+1. I shot my 16# .30-06 with hot loaded 190SMK's in F Class for several years before I got smart and had a 6.5x55 built.

Don

MachIVshooter
October 14, 2011, 10:36 AM
If I were still able to load my own ammo

The .300 RUM is a hunting round, and loaded commercially as such. Without handloading, you cannot turn it into a match round.

In point of fact, without handloading, you will not be a competitor in long range shooting, regardless of your platform and cartridge choice.

Precision long range shooting is a combination of the shooter, the rifle, the cartridge and the load all being perfectly matched for the intended discipline.

Expecting to buy an expensive rifle and make respectable long range groups with off-the-shelf ammo and no experience in long range shooting would be akin to buying a 10 second car, but filling it with 87 octane fuel, running radial tires and driving it like you would a box-stock Mustang on the street.

Like anything else, long range precision shooting requires a time and dollar investment with dedicated and expensive equipment. Using "Precision rifle" with "don't handload" and "ammo is less expensive" in the same sentence says that you're either not serious or don't understand the game. Not trying to be rude, but this is just how it is. The kind of range that would require the power of a .300 RUM is not the kind of range you can shoot at with a stock Remington 700 and a $400 Leupold.

Jim Watson
October 14, 2011, 10:52 AM
I dunno. If you have a LARGE ammunition budget, there is some availability of factory match ammunition. A friend shot a good deal of Black Hills match ammo while on assignments that prevented handloading. He said it was very accurate, the main reason for handloading was cost and capability to load for a bit higher velocity to reduce windage.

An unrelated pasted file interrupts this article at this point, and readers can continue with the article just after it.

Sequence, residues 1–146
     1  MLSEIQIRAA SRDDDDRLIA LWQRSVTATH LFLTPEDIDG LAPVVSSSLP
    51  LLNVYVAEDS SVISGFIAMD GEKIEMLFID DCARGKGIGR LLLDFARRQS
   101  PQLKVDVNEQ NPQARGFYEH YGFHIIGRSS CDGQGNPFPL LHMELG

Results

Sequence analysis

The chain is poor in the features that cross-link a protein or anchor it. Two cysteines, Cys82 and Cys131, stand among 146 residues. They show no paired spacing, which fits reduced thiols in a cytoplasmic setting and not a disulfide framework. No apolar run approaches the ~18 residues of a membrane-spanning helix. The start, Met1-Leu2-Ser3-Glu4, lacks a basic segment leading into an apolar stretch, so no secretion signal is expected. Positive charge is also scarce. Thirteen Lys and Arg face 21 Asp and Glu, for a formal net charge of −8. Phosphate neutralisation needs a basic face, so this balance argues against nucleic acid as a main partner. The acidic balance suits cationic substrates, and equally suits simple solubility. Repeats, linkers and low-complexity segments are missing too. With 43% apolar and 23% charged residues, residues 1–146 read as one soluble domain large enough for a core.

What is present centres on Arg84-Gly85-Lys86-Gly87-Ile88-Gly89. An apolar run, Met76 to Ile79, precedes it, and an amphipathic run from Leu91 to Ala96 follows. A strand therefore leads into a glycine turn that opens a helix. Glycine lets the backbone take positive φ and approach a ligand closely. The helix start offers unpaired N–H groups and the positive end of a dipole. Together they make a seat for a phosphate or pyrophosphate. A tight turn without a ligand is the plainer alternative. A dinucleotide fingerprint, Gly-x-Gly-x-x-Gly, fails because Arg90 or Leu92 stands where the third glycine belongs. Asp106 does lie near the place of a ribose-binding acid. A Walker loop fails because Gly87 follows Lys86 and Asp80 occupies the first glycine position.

They make .300 Win Mag Match.
Lapua sells several calibers that would be useful, but nothing between 6.5 Lap - .308 and the monster magnum .338 Lapua.

Outlaw81
October 14, 2011, 02:23 PM
Ever heard of the term overbore? Its the miniscule amount of velocity gain that is achieved from adding substantial amounts of powder. The 300 win mag is capable of getting within 120 fps of the ultra mag with almost 25 grains less powder. It can handle the bigger bullets just as good such as the 220smks and 240s. The downside is that using those size bullets is gonna be a tradeoff between velocity and BC. 30caliber bullets shine in the 190-210 weight range. At those weights, the velocity can be pushed to around 3000 which will stabilize the bullet out past a mile. I wouldn't use anything heavier than a 208 amax. That bullet has a BC of .648 and will smoke a 220 smk to the mile. The barrel life of a win mag or wsm for that matter, will far exceed that of the ultra mags. I shoot a 300wsm with 190smks and 208amax at one mile and I'm very happy with both. They'll both shoot half moa at 1000. The wsm does it with 10gr of powder less than the win mag does. Recoil is something to consider as well. The 300ultra is gonna beat u like u just stole from it. With or without a brake. The win mag is manageable but still needs a brake. The wsm can be shot all day no problem as it kicks like a 30-06 with heavy bullets. Its up to u tho. I have been fooling with the 30 calibers for a while now and I've made my decision to stick with the short mag. Its simply more efficient than the others.

MtnCreek
October 14, 2011, 04:48 PM
The 300ultra is gonna beat u like u just stole from it.

:):):)